There was a patch there where we were feeling elated. Tired and working hard, but light, energized, inspired.
And then we hit mile 11. I would have thought at mile 11 we would have been ready to fire up one last time, but there was a little pain in Laurel's knee, and my own legs were feeling like lead. If we weren't trying to make it in three hours, I'm sure we would have walked through mile 11. But at 11.5 miles we had 25 minutes in order to make our time. We could do it, but we could not walk. We had to keep running, at least some running.
There was one huge hill at the end. And then a steep downhill. For our own health and safety we felt we had to walk those--and honestly, I don't think we could have run them.
And then it was us and the finish line. One foot in front of the other.
The middle aged ladies could have used some glasses, because I could just barely make out the finishing clock. "Laurel, it still says a 2 in the beginning...we could do it." So we picked it up for one more short stretch. But when we crossed beneath the finishing clock, it said 3:02.
We were disappointed--and we could barely move. Our legs seized up and felt like they were full of rocks. The four blocks back to our hotel room were so painful that in my mind I was comparing them to laboring through my two natural births without drugs.
I finally laid down on the floor of our hotel room and wondered if I'd ever be able to get up again.
Laurel, who had been functional enough to work her cell phone, who had been able to figure out how to download a QR cod reader, and then had figured out how to use the QR code reader, focused her phone onto her official bib, and Voila...read aloud our official result:
With a mere 47 seconds to spare, we accomplished our mission!
I lept from my fetal curl, threw my hands up in the air, and there it was...my very own FIERO moment!
So, why tell this story? What have I learned and how can you benefit from what Laurel and I managed to accomplish?
1. All in one day, we won and we lost. We experienced the disappointment of failure AND the thrill of fiero. The reward of victory was like a lightening bolt of emotional and physical energy combined. It is a unique and powerful positive feeling, no surprise that people get addicted to it. But I would do the race again, even if we never had the chance to get our fiero moment. That was a momentary jolt, but having completed the thirteen miles is an accomplishment that is now in the cells of my body, the mindset we embraced to do it gently and without injury will reinforce how I live day to day.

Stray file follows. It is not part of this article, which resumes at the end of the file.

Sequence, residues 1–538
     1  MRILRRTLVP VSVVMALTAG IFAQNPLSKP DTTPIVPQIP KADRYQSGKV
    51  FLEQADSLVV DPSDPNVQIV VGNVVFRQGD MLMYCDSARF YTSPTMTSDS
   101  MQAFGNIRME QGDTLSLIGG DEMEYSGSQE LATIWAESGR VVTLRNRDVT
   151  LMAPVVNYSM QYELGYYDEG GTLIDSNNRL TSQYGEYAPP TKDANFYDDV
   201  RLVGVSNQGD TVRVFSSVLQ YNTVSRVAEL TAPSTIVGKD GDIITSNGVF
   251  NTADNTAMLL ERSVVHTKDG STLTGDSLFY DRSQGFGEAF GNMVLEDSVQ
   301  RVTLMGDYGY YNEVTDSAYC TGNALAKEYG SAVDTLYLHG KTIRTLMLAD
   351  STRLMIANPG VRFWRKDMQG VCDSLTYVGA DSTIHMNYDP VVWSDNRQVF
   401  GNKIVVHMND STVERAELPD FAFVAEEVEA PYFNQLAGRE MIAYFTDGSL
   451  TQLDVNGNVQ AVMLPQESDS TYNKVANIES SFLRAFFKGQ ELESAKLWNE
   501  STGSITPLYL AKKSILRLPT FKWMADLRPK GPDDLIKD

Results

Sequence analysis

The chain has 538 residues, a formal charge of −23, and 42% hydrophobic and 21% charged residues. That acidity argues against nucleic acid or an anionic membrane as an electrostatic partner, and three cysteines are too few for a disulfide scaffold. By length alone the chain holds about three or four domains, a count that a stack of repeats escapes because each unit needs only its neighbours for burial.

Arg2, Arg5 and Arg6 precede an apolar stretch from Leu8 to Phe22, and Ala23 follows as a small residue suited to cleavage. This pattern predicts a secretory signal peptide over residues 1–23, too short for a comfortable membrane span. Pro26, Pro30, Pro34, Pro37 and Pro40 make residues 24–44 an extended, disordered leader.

2. Breaking a large goal into bite sized chunks made it possible. The race was possible for us, because we broke it down into small bits of running. Five minutes at a time followed by two minutes of walking. It felt like we did this tiny practice an infinite number of times over the course of thirteen miles. Each cycle felt different. Sometimes we were elated. Sometimes we were in a shadowy place running in a direction that was literally going the opposite direction from our final destination. And many times we simply failed to complete the cycle, walking through patches that didn't feel quite right on our bodies, tucked behind other people, ducking into the bathroom. At the same time, we were very aware that every step counted for us. Throughout the race we worked hard at staying on our pace, not going too fast in the beginning, and getting back to our little practice as best we could when we had fallen off. Our effort was gentle and consistent, our execution was far from perfect. But in the end, it was not one single cycle that made or break the race, it was the collection, the tapestry of tiny cycles that added up to a beautiful thirteen miles.
3. And finally, for me, like most other things I can think of, it was possible only as part of a team, and sweeter in the sharing with someone else. For some reason, the interconnection of it all was so obvious during the race--being a part of a large event did actually have the effect of solemnizing my bridge crossing. Throughout the race Laurel and I were so grateful to the volunteers to cleared out the traffic, the volunteers handing out water, the policemen keeping cars out of our way. Our moms took our kids so we could run our race. A long time ago, many folks came together (and some died) to build the bridge we ran across. And, as far as having the gumption to sign up, run every Sunday (even though that is a paltry training), and get through the thirteen miles--I was grateful and glad for the company all along. I'm sure if our lives depended on it, Laurel or I could have done the race by ourselves, but the company made it an experience I will savor for a long time to come. And, I know, from here on out, we will be road-race sisters--bonded by all those steps we shared one morning in November 2012.